**Séminaire
Exceptionnel**

"Matière et Systèmes Complexes"

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Jeudi
17 avril 2008 à 14h

Bâtiment Condorcet, 4^{ème}
étage, salle 454 A.

Jens
Eggers

(School of Mathematics, University of Bristol)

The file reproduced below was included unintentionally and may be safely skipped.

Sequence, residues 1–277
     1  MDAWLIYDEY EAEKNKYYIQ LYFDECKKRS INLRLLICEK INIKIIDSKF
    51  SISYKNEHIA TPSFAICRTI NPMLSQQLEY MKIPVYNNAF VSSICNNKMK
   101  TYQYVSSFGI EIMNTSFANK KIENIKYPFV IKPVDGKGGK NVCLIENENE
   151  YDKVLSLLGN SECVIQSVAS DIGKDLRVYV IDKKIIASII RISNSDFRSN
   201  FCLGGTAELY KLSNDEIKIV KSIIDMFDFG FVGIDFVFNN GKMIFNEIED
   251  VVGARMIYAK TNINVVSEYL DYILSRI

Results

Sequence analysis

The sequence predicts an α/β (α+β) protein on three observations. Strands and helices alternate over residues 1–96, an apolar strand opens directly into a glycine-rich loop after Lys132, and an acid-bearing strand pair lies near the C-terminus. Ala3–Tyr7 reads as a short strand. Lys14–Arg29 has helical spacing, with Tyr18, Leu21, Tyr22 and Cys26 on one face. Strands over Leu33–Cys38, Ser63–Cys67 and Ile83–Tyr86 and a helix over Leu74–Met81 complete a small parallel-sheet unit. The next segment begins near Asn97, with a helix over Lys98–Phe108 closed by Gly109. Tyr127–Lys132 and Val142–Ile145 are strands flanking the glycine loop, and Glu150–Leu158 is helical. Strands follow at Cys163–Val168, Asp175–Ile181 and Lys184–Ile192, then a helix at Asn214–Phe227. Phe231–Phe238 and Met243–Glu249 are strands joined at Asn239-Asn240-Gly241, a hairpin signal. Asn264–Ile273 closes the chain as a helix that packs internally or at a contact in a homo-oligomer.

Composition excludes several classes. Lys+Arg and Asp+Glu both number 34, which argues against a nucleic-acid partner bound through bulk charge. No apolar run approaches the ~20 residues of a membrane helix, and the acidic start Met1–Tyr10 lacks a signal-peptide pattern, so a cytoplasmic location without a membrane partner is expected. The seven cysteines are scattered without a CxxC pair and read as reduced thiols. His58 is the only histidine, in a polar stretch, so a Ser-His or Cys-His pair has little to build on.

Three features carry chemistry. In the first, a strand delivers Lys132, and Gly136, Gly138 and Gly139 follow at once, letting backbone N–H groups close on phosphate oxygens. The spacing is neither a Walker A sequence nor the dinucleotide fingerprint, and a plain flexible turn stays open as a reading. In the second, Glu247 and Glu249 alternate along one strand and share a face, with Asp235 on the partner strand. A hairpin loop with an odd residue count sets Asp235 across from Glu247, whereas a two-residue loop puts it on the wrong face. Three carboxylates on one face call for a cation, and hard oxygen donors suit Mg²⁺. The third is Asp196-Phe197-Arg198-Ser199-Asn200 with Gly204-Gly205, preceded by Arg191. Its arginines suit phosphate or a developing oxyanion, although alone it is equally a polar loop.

When a drop falls from a faucet, the size of the fluid neck separating the drop from the nozzle goes to zero, producing very small length scales. The fluid motion close to breakup is self-similar and universal: it does not depend on initial conditions. This is easily confirmed experimentally, since convergence onto the similarity solution is exponential, thus non-universal behavior quickly falls away. In other examples of pinch-off, however, the linearization around the asymptotic solution (the fixed point) has zero eigenvalues, so convergence is slow. For the dripping of a $^3$He crystal, the expansion around the fixed point has a quadratic non-linearity. In the case of a gas bubble breaking up in water, the non-linearity is of third order. For the latter case in particular, the asymptotic behavior is virtually unobservable; instead, the scaling appears to be characterized by anomalous scaling exponents, as reported in recent experiments.